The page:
In the next day, I will get a massage, go to my Arcata Rotary meeting, see my doggie Nevada, have a lunch business meeting at the Ingomar, then dine there again for dinner (luckily they have nice food and it was not to be avoided, although extravagent compared to my recent lifestyle).  Saturday I will move some stuff into my new apartment, go rowing on the Bay, go back to the gym to learn my new workout, and go to Arts Alive in Eureka. Sunday is a day of rest before I start my job officially on Monday.

Under this very thick layer of busi-ness my psyche is grappling with the changes and how easily one can physically go from a place like that to a place like this.  My heart is still so strongly tied to the work I was doing there and the people I grew to know and even love and I don’t want to lose hold of my dear friends, my colleagues and my host family there who were all so terrific to me.  I refuse to buy a television until after the elections at least. I am so selfish of my own quiet time and will need it more than ever as I process my experiences of the last 14 months.

I don’t want it to all become a blur. I know it won’t, but every day I spend driving a car and not sweating on a bus takes me further away from the reality of that experience. I eagerly await mail of any kind from my home there, and am hoping the teenage girls I left behind will hold up their end of writing to me, so I can hold up my end of being a support to them as they move through their tricky and challenging lives.

I wait for news about the well my Rotary clubs are working on there, and know I will need to tenderly “harass” my Rotary friends that side to keep them moving forward against the bureaucracy that is Botswana governmental offices.

I eagerly read my Bots 10 family’s facebook postings, hoping all is well in their world.  I hold my breath awaiting word that the cats, Sisi, Pudi, and Makibikibi have found their ways to their new homes and haven’t in the mean time totally driven my friend Tija, who is fostering them, to distraction or worse.

I have pictures of people in my mind and heart that I can flip through whenever I need to help me remember the good times I had in Botswana.  These are the same pictures that will help me plan my trip back to that land that was a new home for me and now always will be.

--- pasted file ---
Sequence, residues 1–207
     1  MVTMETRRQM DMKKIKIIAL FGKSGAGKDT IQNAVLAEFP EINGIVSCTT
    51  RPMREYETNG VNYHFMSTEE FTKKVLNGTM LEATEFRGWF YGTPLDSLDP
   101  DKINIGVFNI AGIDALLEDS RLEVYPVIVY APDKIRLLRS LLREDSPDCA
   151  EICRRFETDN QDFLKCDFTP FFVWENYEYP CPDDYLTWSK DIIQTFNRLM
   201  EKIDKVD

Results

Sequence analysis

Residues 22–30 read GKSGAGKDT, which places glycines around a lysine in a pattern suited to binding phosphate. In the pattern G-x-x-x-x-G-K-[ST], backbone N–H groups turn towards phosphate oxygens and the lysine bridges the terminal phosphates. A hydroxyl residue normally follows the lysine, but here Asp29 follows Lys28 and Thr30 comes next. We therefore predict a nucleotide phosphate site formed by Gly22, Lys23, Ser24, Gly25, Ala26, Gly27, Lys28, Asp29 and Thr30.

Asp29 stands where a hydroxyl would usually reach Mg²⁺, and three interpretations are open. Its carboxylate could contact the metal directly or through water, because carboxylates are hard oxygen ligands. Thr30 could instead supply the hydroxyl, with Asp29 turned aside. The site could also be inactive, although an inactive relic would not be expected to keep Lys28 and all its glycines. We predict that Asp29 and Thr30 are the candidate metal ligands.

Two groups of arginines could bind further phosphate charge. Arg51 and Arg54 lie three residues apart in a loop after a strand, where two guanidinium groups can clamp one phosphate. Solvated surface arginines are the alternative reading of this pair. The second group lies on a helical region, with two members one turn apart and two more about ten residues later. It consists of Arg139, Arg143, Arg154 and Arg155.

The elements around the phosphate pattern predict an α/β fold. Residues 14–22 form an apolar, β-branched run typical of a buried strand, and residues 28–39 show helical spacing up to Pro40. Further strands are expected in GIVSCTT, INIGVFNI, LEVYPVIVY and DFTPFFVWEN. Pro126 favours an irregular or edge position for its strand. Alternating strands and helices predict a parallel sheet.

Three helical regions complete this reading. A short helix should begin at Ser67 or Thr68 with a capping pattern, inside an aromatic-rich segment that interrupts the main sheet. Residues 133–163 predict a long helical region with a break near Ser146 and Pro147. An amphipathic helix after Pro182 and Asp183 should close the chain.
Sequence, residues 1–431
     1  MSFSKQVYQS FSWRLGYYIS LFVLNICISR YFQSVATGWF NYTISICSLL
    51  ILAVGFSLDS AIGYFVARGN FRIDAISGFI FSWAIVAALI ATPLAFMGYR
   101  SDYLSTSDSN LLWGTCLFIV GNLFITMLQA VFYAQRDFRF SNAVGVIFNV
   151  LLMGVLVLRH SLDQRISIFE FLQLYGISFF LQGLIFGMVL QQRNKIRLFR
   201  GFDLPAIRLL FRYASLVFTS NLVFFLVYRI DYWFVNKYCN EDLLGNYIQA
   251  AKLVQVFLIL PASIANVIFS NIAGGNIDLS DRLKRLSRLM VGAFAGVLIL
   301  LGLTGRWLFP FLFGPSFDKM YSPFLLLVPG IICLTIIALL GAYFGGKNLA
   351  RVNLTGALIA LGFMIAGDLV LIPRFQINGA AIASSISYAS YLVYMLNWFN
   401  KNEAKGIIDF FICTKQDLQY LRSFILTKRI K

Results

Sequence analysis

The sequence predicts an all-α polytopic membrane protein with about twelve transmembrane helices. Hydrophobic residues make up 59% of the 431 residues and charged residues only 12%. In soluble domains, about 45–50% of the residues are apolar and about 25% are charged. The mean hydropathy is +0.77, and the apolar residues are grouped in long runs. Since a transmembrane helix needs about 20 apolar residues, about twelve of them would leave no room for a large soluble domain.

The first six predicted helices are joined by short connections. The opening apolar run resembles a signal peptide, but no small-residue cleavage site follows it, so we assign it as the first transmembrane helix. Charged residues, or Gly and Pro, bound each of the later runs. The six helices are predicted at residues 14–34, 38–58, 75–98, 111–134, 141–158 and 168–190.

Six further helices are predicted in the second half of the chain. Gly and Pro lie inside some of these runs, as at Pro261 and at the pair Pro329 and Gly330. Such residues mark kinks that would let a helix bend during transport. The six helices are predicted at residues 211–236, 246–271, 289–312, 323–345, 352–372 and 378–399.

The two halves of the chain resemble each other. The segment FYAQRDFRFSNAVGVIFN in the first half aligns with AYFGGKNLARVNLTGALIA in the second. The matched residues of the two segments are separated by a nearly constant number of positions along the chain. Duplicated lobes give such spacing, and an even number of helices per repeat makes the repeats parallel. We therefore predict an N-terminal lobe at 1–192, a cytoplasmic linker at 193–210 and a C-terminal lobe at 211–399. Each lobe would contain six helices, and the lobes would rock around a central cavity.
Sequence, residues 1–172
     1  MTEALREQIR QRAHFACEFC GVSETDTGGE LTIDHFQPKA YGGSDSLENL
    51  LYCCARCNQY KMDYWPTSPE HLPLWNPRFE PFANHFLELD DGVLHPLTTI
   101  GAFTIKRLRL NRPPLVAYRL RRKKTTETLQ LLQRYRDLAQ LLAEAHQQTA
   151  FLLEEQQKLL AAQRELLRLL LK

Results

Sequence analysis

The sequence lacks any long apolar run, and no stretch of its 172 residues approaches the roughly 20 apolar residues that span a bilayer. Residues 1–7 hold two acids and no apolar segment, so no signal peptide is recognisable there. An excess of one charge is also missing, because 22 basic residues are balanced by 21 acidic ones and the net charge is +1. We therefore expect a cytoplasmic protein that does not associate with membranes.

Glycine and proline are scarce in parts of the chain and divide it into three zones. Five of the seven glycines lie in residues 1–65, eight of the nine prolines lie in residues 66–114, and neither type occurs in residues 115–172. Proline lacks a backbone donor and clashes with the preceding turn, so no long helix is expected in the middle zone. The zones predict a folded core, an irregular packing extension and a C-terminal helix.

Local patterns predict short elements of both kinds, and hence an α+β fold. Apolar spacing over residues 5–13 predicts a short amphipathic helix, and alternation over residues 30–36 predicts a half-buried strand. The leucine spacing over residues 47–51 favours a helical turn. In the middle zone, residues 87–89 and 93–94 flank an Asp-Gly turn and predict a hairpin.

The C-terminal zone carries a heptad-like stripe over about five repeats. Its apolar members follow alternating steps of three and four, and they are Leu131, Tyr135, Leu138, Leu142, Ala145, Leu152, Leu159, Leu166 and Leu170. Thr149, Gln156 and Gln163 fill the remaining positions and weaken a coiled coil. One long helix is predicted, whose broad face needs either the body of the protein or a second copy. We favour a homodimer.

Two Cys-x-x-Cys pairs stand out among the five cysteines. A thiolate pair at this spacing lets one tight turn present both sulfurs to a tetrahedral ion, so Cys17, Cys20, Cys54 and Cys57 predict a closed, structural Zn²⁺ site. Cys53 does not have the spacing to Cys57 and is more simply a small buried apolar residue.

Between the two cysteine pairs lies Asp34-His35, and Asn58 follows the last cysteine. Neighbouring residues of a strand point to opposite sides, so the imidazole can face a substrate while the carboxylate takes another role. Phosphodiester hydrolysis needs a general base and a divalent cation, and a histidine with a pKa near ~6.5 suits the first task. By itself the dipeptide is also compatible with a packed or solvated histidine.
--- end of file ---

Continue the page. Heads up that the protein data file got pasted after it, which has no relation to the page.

I am still the person I was before I left the US in March 2011. And yet, I am so not that same person.  My PC friends know, or will know sometime soon, what I am saying.  And I guess the rest of you will know that too.  Thanks again for taking this journey with me.  Ke tla go bona. Salang Sentle ditsala tsa me.

Tuesday, May 15, 2012

I am typing this directly into the blog since I have a few free moments....our first trip with Erto to Jo'burg to see the doctor was a success - he came back with two fully casted legs and appointments for the next 6 weeks. At the doctor's office, we met a woman who was kind enough to offer  housing for Erto and Cathrine over the next two months - they just have to buy their own food and diapers for him, since he can't get the cast wet.  She will make sure they get to their appointments. So now, we are just having to pay for bus fares back and forth from here, but she won't be going every week, taxi fares from bus station to this lovely woman's house, food and diaper money.  There will be a small surgery later on and I am still hoping there is enough money for that. So now, if you have wanted to donate but just didn't do it yet, or you want to donate again, this would be the time. click on the photo of erto and his mom on my blog and it will take you to the web site.

We had a lovely trip to Joburg by the way. much better than one would expect with a 2 year old on a 6 hour bus ride. He got cranky on the way back (so did I, actually because the bus would start beeping every time it slowed down and that with his crying and the bumpy road..) but I realised after a while that he was just bored (just like the rest of us) and I handed him my cheap 10 pula bracelet and it kept him serenely quiet from there on out. wish i had done it 2 hours earlier. told his mom he is bored and needs entertainment, just like the rest of us. only difference is he will scream bloody murder when he is tired and we adults don't get to.  More to follow. but  got to run.  Thanks for listening.